This section is from the book "The Principles And Practice Of Modern House-Construction", by G. Lister Sutcliffe. Also available from Amazon: How Your House Works: A Visual Guide to Understanding & Maintaining Your Home.
The first necessity in the construction of drains is a ground plan of the premises, showing the position of the whole of the sanitary appliances from which the waste-water has to l>e conveyed away, and also the position of the sewer or cesspool with which they have to be connected. In the case of a house standing in its own grounds, the plan should show the shrubberies, plantations, and paths, so that the line selected for the drains may be one that will cause as little disturbance as possible, and as far as practicable avoid the neighltourhood of the roots of trees. On the plan the drains must be marked to comply with the conditions settled in a previous chapter, taking care that manholes are fixed at all important bends, and that the branch-drain- are as short as possible. and converging in manholes, so that access may be had to all of them.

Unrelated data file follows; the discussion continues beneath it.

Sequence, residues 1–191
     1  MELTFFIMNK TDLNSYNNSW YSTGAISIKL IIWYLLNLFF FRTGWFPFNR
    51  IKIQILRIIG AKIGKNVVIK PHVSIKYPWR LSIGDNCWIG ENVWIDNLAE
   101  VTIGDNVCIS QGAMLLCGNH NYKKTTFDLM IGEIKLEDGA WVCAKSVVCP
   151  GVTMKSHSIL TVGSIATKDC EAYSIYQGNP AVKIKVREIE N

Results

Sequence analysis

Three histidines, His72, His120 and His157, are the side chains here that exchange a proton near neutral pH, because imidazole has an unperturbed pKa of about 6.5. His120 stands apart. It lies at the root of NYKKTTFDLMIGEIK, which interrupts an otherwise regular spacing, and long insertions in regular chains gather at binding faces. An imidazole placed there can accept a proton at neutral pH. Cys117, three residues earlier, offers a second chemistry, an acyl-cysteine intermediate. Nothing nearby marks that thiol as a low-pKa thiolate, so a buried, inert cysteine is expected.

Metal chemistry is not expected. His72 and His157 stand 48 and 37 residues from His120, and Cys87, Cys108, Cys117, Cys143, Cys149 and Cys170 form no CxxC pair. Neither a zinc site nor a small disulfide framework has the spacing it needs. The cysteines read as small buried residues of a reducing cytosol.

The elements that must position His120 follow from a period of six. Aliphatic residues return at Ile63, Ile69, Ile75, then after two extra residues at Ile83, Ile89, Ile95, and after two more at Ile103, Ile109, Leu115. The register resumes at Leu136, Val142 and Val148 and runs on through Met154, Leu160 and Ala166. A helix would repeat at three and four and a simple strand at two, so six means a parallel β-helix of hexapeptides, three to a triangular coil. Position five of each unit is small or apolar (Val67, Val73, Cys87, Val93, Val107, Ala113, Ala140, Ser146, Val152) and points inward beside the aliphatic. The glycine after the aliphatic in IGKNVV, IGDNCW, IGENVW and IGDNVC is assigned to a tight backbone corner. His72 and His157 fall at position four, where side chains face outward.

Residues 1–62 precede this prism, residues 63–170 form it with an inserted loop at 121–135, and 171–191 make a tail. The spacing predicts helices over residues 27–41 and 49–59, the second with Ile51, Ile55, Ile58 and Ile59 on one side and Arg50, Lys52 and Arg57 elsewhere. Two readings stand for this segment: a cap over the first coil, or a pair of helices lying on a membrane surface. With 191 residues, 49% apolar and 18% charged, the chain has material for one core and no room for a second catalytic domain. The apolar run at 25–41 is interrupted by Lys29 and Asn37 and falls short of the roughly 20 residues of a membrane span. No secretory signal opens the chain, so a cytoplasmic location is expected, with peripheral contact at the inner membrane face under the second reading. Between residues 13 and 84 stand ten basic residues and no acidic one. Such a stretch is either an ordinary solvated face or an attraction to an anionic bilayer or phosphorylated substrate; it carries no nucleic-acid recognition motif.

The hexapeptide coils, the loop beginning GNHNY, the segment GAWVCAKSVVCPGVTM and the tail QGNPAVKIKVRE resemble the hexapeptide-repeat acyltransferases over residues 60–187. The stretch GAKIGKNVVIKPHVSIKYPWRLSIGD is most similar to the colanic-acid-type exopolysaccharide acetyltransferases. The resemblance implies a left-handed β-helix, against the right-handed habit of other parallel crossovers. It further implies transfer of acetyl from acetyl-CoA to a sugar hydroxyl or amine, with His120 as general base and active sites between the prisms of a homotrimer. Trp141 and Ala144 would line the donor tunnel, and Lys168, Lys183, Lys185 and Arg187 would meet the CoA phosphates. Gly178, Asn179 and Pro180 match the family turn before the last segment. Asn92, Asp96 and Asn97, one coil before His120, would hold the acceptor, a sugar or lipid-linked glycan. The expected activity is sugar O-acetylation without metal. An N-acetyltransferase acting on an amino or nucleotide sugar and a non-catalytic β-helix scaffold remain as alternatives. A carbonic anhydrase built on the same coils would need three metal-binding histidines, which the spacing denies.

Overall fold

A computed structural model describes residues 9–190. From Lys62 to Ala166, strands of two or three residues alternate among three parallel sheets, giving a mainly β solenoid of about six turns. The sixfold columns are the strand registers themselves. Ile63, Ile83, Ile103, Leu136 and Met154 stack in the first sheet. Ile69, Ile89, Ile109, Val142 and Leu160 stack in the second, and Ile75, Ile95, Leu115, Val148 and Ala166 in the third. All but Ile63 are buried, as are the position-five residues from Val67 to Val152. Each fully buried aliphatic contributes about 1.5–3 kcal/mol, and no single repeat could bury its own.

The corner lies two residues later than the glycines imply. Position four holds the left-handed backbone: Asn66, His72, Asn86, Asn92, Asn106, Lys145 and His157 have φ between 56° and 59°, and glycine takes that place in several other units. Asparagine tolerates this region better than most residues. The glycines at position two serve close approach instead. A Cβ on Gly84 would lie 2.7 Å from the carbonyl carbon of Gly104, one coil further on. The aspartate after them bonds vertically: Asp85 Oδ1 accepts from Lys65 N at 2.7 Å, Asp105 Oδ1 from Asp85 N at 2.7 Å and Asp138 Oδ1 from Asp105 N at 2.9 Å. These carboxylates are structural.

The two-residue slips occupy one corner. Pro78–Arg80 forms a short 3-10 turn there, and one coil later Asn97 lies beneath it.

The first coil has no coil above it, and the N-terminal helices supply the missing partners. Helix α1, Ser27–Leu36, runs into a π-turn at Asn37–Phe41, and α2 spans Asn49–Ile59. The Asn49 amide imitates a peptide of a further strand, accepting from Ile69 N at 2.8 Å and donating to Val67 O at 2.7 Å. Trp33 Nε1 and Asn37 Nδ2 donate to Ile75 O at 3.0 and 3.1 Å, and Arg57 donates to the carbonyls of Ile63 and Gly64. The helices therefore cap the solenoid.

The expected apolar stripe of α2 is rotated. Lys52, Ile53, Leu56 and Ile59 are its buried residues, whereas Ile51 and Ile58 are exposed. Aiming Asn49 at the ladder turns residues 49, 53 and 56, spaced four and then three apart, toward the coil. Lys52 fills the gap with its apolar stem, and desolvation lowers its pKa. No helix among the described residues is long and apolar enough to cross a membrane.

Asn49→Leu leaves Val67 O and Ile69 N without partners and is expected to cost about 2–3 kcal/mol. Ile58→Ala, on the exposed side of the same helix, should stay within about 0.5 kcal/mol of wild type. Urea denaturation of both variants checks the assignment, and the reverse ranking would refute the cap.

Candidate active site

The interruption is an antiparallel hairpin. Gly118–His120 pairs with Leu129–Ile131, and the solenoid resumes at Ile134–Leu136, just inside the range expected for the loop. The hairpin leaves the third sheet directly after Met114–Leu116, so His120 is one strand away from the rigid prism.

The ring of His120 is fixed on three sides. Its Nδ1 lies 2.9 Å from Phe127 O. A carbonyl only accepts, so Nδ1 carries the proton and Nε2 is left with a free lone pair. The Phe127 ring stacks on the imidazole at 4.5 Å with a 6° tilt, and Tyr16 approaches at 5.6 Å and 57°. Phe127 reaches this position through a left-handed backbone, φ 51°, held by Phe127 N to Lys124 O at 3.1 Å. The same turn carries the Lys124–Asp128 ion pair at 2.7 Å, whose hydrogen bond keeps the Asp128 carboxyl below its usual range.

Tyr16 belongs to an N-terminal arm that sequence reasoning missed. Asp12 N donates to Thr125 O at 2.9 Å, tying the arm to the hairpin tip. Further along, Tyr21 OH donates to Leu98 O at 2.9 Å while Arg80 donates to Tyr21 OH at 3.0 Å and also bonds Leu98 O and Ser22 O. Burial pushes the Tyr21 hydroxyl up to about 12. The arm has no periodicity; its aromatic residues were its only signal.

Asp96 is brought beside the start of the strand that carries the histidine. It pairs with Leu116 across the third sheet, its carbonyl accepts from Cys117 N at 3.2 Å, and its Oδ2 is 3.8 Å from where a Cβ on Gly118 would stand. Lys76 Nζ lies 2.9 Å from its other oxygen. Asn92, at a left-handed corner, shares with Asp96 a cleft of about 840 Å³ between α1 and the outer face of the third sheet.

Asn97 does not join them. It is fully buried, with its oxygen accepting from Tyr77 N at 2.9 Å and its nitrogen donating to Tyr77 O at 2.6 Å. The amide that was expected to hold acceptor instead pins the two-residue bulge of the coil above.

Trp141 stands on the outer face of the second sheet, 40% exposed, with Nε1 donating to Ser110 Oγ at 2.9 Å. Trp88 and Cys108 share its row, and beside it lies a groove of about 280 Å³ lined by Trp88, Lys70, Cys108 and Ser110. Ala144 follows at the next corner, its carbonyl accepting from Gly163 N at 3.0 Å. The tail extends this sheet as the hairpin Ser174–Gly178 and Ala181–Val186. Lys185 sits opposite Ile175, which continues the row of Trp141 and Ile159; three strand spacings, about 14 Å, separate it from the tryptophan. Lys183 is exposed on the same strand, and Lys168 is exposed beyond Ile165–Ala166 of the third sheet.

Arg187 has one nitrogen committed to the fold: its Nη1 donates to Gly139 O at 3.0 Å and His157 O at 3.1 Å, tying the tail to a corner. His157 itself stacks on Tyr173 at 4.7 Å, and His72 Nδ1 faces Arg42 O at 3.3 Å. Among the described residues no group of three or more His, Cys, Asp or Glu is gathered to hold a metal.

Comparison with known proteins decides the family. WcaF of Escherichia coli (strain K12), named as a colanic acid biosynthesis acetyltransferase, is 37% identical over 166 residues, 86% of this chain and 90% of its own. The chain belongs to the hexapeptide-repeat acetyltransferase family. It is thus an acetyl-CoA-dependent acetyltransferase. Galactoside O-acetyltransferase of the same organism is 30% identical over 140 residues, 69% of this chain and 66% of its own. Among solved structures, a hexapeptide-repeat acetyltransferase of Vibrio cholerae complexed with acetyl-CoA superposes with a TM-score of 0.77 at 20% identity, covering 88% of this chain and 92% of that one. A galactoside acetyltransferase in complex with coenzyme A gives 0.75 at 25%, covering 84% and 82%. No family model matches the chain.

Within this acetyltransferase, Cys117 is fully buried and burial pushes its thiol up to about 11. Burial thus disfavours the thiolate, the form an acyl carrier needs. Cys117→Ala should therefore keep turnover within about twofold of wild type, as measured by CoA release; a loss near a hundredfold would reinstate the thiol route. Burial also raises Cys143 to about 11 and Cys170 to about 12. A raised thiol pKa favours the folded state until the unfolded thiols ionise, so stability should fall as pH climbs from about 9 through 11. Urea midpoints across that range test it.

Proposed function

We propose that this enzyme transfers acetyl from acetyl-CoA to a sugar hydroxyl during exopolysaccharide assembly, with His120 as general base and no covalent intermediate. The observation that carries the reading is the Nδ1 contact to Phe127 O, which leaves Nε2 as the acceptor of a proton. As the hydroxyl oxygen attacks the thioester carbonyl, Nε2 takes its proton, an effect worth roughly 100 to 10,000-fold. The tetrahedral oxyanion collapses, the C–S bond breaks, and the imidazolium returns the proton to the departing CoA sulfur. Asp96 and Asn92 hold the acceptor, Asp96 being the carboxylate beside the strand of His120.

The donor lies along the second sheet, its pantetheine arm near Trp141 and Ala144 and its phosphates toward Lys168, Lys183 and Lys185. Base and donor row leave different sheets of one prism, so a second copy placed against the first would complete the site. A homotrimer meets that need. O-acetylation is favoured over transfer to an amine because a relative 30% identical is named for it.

It has hitherto been far too prevalent to entrust the construction of a drainage-system to odd labourers with only intermittent supervision; the result is that the pipes are huddled together anyhow in the trench without uniformity of line or gradient, imperfectly laid, and without proper foundations being secured, so that in course of time mischief inevitably ensues. Again, many houses are drained without any plan of the system having been previously prepared, the course of the drain being staked out upon the ground in what is considered the most convenient position, angles and corners being "negotiated by sweeping curves, the idea l>eing no doubt that they will facilitate the flow of water through the pipes, such a thing as subsequent inspection or the necessity of obtaining access to the drain being entirely disregarded. The difficulty of discovering the course of drains constructed in this manner is palpable, and the whole method cannot be too strongly condemned.